RSS Mysterious “Koi aberrants” are not exclusive to the Zebrasoma and Centropyge genera

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  1. MASA Admin

    MASA Admin Moderator

    8 May 2007
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    Over the years we’ve featured a myriad of “koi” aberrations, which mostly seem to inflict large fully grown adults of the surgeonfish genus Zebrasoma, as well as the dwarf angel genus Centropyge. While not always aesthetically pleasing, from a genetic and fish geek point of view, this phenomena warrants much study and curiosity. Here we see this koi pattern showing up on a Ctenochaetus tang, as well as a Pseudochromis.


    Putting aside the distasteful appearance (to each their own; personally I find these fascinating), here’s what we know so far. Most, if not all koi aberrations we see occur in adult sized fish. Large piebald or tricolor or koi Zebrasoma tangs usually occur as fully matured specimens. We’ve seen this affecting Z. flavescens, Z. scopas and Z. xanthurum. Acanthurus tangs occasionally sport this koi aberration as well. Another genus that is commonly inflicted by the koi aberration is Centropyge, the dwarf angelfishes. We’ve seen this in C. eibli, C. bispinosa, C. nox, C. tibicen as well as C. multispinnis. Scattered and isolated reports of koi colored fish in other families have been reported as well such as Butterflyfishes, and other large Angelfish.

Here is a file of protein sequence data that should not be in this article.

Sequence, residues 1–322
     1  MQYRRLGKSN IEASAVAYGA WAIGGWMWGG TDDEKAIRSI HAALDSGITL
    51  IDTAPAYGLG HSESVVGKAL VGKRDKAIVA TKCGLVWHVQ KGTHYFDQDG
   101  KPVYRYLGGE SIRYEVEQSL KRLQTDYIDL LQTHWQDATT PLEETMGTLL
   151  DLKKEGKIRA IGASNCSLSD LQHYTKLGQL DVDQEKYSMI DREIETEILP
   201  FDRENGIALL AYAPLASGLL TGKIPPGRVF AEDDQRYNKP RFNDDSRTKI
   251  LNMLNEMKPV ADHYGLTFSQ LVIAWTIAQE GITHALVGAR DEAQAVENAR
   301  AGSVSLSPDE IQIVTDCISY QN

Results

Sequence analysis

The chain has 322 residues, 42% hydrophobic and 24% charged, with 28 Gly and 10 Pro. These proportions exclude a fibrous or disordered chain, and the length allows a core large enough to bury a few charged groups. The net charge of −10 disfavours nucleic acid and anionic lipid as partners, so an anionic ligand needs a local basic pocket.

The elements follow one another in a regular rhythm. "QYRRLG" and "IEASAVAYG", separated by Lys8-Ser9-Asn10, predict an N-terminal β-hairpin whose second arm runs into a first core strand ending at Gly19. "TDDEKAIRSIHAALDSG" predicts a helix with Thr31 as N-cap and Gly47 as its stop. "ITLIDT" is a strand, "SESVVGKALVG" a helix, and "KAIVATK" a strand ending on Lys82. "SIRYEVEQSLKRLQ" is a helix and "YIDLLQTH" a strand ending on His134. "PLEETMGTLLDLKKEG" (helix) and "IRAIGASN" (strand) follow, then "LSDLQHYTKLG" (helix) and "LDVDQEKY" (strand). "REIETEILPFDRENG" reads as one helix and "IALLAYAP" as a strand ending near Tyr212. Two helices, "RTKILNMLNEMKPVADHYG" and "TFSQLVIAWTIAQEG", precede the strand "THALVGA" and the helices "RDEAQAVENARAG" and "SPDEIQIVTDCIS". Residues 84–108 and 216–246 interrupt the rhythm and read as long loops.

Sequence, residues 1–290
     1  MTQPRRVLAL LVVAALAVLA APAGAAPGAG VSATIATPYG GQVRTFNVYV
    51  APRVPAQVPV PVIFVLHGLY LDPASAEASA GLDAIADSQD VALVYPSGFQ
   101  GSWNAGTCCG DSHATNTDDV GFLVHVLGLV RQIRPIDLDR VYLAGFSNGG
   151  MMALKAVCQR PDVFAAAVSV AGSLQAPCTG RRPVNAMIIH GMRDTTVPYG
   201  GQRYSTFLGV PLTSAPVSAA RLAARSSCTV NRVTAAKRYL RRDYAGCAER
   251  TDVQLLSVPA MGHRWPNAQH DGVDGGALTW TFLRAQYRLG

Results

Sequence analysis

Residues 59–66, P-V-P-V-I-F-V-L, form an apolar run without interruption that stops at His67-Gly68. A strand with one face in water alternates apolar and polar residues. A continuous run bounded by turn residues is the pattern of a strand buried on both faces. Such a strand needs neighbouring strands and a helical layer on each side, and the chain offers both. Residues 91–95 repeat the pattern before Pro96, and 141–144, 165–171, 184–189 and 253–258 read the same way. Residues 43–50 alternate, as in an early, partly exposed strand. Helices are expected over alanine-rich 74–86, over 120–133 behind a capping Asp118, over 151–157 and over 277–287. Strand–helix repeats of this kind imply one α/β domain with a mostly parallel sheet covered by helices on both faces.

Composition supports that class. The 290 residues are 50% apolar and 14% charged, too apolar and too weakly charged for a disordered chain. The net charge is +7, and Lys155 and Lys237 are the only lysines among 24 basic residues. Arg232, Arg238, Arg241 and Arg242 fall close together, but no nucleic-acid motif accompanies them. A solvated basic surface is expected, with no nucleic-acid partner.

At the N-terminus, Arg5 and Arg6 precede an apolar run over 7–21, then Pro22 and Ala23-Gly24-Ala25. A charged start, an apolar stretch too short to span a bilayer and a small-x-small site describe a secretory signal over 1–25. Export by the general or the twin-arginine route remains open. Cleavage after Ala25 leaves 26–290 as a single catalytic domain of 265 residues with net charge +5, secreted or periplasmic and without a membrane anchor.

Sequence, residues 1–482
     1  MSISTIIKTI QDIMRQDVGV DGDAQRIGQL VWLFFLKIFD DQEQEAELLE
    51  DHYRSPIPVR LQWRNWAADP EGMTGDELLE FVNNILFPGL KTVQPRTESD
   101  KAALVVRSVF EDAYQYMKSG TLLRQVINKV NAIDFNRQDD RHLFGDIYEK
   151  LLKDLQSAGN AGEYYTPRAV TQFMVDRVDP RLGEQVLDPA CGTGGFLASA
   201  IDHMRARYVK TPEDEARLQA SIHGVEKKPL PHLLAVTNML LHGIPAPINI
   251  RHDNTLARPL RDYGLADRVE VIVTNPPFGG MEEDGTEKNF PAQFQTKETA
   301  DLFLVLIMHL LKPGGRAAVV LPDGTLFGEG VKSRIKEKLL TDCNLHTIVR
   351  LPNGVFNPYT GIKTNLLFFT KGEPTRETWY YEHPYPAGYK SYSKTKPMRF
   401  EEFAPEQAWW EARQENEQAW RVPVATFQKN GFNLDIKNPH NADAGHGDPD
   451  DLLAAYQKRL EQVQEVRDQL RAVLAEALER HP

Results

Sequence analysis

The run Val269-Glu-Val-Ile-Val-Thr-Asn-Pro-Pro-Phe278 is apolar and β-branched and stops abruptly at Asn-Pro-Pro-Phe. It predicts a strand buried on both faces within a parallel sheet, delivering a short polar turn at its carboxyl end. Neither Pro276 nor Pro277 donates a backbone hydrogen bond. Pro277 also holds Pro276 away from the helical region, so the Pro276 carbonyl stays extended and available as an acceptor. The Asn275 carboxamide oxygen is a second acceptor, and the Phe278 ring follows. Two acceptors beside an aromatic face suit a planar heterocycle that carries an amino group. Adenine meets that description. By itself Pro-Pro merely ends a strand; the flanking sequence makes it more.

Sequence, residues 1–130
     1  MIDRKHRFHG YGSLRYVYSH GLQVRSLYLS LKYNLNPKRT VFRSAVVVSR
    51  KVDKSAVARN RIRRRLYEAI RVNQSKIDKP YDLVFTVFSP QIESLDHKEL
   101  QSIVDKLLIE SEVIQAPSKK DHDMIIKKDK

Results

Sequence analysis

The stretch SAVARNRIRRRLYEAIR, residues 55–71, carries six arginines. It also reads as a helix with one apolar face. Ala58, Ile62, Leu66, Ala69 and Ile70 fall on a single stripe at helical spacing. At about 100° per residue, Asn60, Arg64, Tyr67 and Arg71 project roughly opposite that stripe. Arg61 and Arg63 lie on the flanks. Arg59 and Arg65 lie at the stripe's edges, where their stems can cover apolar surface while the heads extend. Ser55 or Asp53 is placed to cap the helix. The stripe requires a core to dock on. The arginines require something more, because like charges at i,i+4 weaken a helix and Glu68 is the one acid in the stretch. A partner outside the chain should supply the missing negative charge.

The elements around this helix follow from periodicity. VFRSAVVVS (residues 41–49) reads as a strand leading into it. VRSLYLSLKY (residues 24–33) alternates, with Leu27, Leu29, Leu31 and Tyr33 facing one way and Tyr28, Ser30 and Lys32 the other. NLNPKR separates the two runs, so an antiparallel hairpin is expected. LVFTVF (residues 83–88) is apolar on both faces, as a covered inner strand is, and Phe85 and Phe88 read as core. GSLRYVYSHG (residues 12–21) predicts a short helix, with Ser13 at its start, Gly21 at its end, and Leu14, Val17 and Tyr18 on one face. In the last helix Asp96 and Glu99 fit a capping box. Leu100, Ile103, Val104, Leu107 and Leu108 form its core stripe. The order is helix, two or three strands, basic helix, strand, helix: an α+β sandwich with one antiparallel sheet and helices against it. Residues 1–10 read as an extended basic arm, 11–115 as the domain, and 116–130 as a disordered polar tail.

[​IMG]A koi colored Ctenochaetus tang. Photo courtesy of Francois Havenga.

    Another highly unusual trait that we currently know is that this koi pattern is transient. None of these koi aberrations are able to keep their colors and patterns to the fullest degree after capture. Two phenomena are documented to occur in such fishes. The first scenario involved the koi patterns and colors “changing” with time. The patterns shift, the colors change, but the fish never or seldom ends up looking like how it did initially, but still retaining some or majority of its aberration. The second scenario involves the pattern reverting to normal wild type coloration associated with the particular species fully with time.

    What we do not know is why these fishes attain such coloration in the first place? Why are they usually found on large matured specimens, and lastly, why do the colors morph or revert in captivity? Looking at things beyond the perspective of beauty puts things in a new light. If you know, or happen to know someone who knows, or have an idea why these koi fishes are as such, do leave your thoughts in the comments.
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